ISLAMABAD: Despite the fact that model courts established for providing speedy justice to people have decided hundreds of criminal cases since their inception on April 1, lawyers’ bodies are calling them “justice rushed, justice crushed” and have also launched nationwide protests against these courts.
Established for “expeditious” trial, 116 model courts have decided 1,769 cases of murder and narcotics in 16 working days. The lawyers’ bodies have, however, termed these figures “cosmetic” and threatened to launch a protest outside the Supreme Court building if the government does not take back its decision on the model courts by April 25.
According to the statistics of the Monitoring and Evaluation Cell of the Expeditious Justice Imitative (EJI), 36 model courts in Punjab, 27 each in Sindh and Khyber Pakhtunkhwa, 24 in Balochistan and two in Islamabad have decided 1,769 cases from April 1 to 18. These included 721 murder and 1,048 narcotics cases.
An official at the monitoring cell told Dawn that the conviction rate in these cases was about 50 per cent. As far as the performance of the Islamabad’s model courts was concerned, the official said, they decided 20 murder and 24 narcotics cases in 16 days.
Established for ‘expeditious’ trial, 116 model courts have decided 1,769 cases in 16 days
These cases were instituted in trial courts over the past five to six years. They were transferred to the model courts after high courts were delegated powers for transferring the cases to the respective sessions judges. Sources in Islamabad’s judicial circles said that most of the cases transferred to the model courts were near completion in the respective trial courts. That was the reason that 20 murder and 24 narcotics cases were decided in just 16 working days, they added.
The lawyers’ bodies are strongly opposing the timeframe set for the model courts.
According to Pakistan Bar Council (PBC) vice chairman Hafiz Mohammad Idris Sheikh, the EJI has asked the model courts to conclude a murder trial in just four days.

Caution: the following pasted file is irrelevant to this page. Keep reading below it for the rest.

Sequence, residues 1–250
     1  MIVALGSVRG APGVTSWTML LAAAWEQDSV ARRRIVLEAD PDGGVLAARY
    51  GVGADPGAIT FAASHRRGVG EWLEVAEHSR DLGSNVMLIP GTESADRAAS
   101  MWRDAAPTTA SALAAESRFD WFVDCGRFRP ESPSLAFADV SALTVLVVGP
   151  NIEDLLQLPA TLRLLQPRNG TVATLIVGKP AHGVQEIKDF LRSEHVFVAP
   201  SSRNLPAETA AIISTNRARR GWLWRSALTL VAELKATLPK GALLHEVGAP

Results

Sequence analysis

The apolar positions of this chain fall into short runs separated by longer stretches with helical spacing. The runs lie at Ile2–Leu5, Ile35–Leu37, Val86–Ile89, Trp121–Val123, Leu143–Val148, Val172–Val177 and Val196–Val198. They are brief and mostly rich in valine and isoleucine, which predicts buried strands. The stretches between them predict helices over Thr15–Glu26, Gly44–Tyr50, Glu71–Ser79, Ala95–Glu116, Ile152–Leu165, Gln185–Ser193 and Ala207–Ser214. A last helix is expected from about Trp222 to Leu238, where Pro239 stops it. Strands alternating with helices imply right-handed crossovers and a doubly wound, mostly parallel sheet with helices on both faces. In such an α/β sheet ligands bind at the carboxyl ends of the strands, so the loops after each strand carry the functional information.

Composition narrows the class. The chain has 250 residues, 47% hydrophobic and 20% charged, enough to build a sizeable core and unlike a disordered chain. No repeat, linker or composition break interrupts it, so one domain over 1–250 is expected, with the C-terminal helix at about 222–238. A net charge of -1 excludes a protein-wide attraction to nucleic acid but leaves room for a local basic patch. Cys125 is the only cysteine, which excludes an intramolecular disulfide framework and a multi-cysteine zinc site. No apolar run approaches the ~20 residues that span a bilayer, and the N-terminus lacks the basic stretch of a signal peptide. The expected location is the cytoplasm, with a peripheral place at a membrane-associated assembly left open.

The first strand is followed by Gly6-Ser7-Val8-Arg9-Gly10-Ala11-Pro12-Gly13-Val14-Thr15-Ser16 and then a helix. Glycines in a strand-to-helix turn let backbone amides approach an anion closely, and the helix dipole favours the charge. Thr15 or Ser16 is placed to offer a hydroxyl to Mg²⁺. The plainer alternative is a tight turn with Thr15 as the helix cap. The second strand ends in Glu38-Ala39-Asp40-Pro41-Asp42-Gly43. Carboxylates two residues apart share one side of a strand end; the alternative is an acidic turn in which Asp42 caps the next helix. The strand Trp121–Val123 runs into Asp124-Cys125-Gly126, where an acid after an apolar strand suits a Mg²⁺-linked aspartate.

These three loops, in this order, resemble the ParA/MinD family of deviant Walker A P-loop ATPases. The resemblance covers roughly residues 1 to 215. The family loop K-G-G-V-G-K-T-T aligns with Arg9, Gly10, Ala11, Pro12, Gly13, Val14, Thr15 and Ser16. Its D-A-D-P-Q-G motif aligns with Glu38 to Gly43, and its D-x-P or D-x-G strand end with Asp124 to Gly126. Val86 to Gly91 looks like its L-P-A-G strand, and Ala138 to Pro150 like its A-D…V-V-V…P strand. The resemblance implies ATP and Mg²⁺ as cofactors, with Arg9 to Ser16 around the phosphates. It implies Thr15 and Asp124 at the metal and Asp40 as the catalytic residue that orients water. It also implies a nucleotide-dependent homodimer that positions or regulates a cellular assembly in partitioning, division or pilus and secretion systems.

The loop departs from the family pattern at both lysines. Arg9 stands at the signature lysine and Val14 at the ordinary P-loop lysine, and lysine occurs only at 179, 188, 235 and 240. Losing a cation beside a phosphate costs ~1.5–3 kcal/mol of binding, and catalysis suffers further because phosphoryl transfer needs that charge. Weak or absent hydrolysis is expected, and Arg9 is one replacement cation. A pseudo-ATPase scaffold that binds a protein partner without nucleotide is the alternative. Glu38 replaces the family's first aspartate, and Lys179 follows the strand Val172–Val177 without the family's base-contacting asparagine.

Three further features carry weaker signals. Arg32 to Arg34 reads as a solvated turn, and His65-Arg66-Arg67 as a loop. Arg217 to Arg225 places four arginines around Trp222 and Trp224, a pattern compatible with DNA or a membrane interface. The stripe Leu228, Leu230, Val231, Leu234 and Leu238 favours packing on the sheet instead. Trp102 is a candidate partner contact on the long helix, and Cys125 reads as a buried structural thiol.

The PBC is the apex regulatory body of lawyers.
“Humanly it is not possible for a court to frame charges, examine evidence, record statement and conclude arguments of prosecution and defence counsel in such a short time period,” he said. “These model courts seem to be tougher than military courts,” he said, adding that in most of the cases, judges did not provide proper opportunity to the defence counsel to advance their arguments.
Mr Sheikh said that the legal fraternity was not against the concept of model courts, but this concept should be rationalised. He suggested that instead of granting four days for completing a murder trial, the model courts should be given at least 30 days.
He claimed that the presiding officers of the model courts had selected those cases which were about to complete and announced verdicts just after the transfer of these cases from other courts. “We have already issued a call for complete strike on the issue of model courts on April 25 and we will not allow any lawyer to appear before the Supreme Court on the said date,” he said and warned of disciplinary proceedings against the lawyers who would defy the PBC’s call.
The EJI is a brainchild of incumbent Chief Justice of Pakistan Asif Saeed Khosa. As a senior puisne judge of the Supreme Court, Justice Khosa had spearheaded the establishment of model courts in Punjab in 2017. The idea is to provide for establishment of “model criminal trial courts” and introduction of time-bound criminal trial regime through management and scheduling mechanism.
For the EJI, the apex court appointed District and Sessions Judge Sohail Nasir as Director General of the Monitoring and Evaluation Cell since he has experience of trial proceedings of the model courts.
The “goals and objectives” of the model courts are to improve service delivery of the criminal justice system, reduce the shelf life of criminal cases through efficient trial management, fix time frame for conduct of criminal trials and make trial management a coordinated effort by stakeholders.
Published in Dawn, April 22nd, 2019